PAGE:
Going to Brittany again requires a hellava lot of work. I need money, of course, and I need to learn French. A network of support here keeps me invigorated, believing, and encouraged. And, I keep studying the history. But primarily, I work on getting strong enough physically and psychologically to travel and be present while I’m over there. I’d been mightily depressed, sedated and impaired for nigh on twenty years, and am ever so personally depleted, but this desire to truly be in Brittany and on l’Île transforms me.
To focus I create a three-foot-by-three-foot sheet of paper, tape it to the hall wall, and daily write my intention to be on the Île de Sein in 2015. I fill up one sheet with ideas, wants, hopes, needs and intention; I begin another. I write and publish my second book of essays and poems, Writing Myself Back Into Life, in itself an intention. Replete with some of my most gut-wrenchingly honest and difficult writing, the handmade run of 40 copies sells out; my readers admire the word-smithing and craftsmanship but find the topics quite difficult to discuss. Writing the book frees me from ancient sorrows and self-maintained shackles but it closes doors to several relationships, too.
I move house from the exquisite llano y montane (plain and mountain) landscape and desperately lonely ranch back to my community of friends and artists in Dixon. I study, recite, read, listen and try numerous ways to learn the incredibly beautiful language and fail. Life sends the money. I leave for France on Labor Day and return to the US a month later, spending 23 days on l’Île de Sein. I step onto the pier Sept. 10, at 10:28 am, Paris time. I willed myself here. Now what?
During my second night at Hotel Ar-Men I awaken three times to sonorous sounds of a woman in ecstasy. Her sultry sighs of pleasure — slow full intakes, great heaving exhalations — last long; I drift in and out of sleep to them. I hear her again in the afternoon and early the next morning. I’m envious and bemused — so, all those tales of French lovemaking are true, eh? Her joyous music stays with me, somehow mingling with the pleasurable tingles of moist air on my skin, those caressing kisses of warm wind, the way my body interacts with stones, grass and flowers. For days I hear these love songs everywhere.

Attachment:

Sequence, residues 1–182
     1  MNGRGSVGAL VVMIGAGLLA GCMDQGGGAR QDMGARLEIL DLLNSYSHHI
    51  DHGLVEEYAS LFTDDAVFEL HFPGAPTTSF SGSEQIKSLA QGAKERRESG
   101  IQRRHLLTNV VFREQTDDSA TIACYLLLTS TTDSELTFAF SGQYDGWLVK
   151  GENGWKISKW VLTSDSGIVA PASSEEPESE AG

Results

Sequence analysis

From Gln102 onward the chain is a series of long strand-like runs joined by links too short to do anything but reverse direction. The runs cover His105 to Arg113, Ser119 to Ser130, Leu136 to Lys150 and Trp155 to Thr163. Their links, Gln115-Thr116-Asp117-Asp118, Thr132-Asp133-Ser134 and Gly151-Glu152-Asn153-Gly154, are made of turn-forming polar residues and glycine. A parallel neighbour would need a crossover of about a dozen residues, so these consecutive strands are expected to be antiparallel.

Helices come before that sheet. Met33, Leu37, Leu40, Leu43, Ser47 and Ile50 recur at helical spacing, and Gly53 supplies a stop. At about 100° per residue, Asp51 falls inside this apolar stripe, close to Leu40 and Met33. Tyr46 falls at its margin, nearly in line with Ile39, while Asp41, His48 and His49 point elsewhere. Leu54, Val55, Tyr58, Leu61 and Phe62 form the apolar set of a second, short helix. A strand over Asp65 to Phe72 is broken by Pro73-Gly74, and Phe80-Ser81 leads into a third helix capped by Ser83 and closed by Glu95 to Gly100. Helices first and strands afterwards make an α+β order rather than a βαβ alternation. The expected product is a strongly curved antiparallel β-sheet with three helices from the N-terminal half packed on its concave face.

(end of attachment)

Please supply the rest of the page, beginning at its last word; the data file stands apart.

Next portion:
Each day waves of ocean and wind lick my skin clean, removing calcified attitudes and limbering ligaments, working physical magic on my abraded nervous system. I become agile, exploratory, more actively curious. I spend hours in liminal space with nothing between me and living. There are tide pools to witness: small brown blobs like blood clots with tentacles capture my complete attention. Bivalves bubble and breathe. Cormorants dive and dine, then drape huge wings to dry. A disheveled great blue heron stalwartly withstands gusts, awaiting a moment of clear sight to stab breakfast. Up one side, down the other, over the rabbit warrens, across the slick seaweed, always curious. I find networks of stone walls and foundations. On one end of the island, the rocks subdivide garden plots; on the other end, they indicate old dwellings and odd buildings.
My brain works again. Though I am more likely to answer in Spanish or German, I am pushed to listen and comprehend simple French conversation. I must ask for food and water. I must get directions. I must interact with strangers or strangle in loneliness. I speak haltingly to a woman whose father joined Charles de Gaulle in London for Free France. Dominique and Marielle applaud unexpectedly correct French. Each day the faulty synapses fire more quickly and accurately. My confidence grows. I mend.
Then the day before I leave, I sit on the north beach gulping as much of the sensuous reality of this vital place into my memory banks as possible. I have 3,500 photos and thousands of words describing what I’ve seen, yet I’m afraid I won’t recall this experience, so vital and necessary to me.
What is happening here? My longing to be on this island chased me across a continent and an ocean. Of course part of it is my need to belong to a tradition of priestesses who were more than sex workers. Of course, it’s my hope to be recognized for my knowledge of this place. Of course, it’s my love of this astonishing beauty. But the longing is more, so much more and I am truly afraid I won’t ever know what it is. And, then, I know, for I am given a gift.
All those womanly orgasmic sounds are the tides, our great heaving mother ocean. The whole fabulous island filling with whispers and sighs, the sensuous soughing of sand and sea are all life — Life — breathing. This knowing becomes an overwhelming physical loveliness of being bodily alive, in rhythmic motion, synchronized with that from which I was born. Fire and water. The utter miracle of this planet and me on it, enmeshed in the improbable and incomprehensible splendor of being alive and belonging to all creation. I came here to learn that I am whole, that I belong to life. Witnessing is my gift back.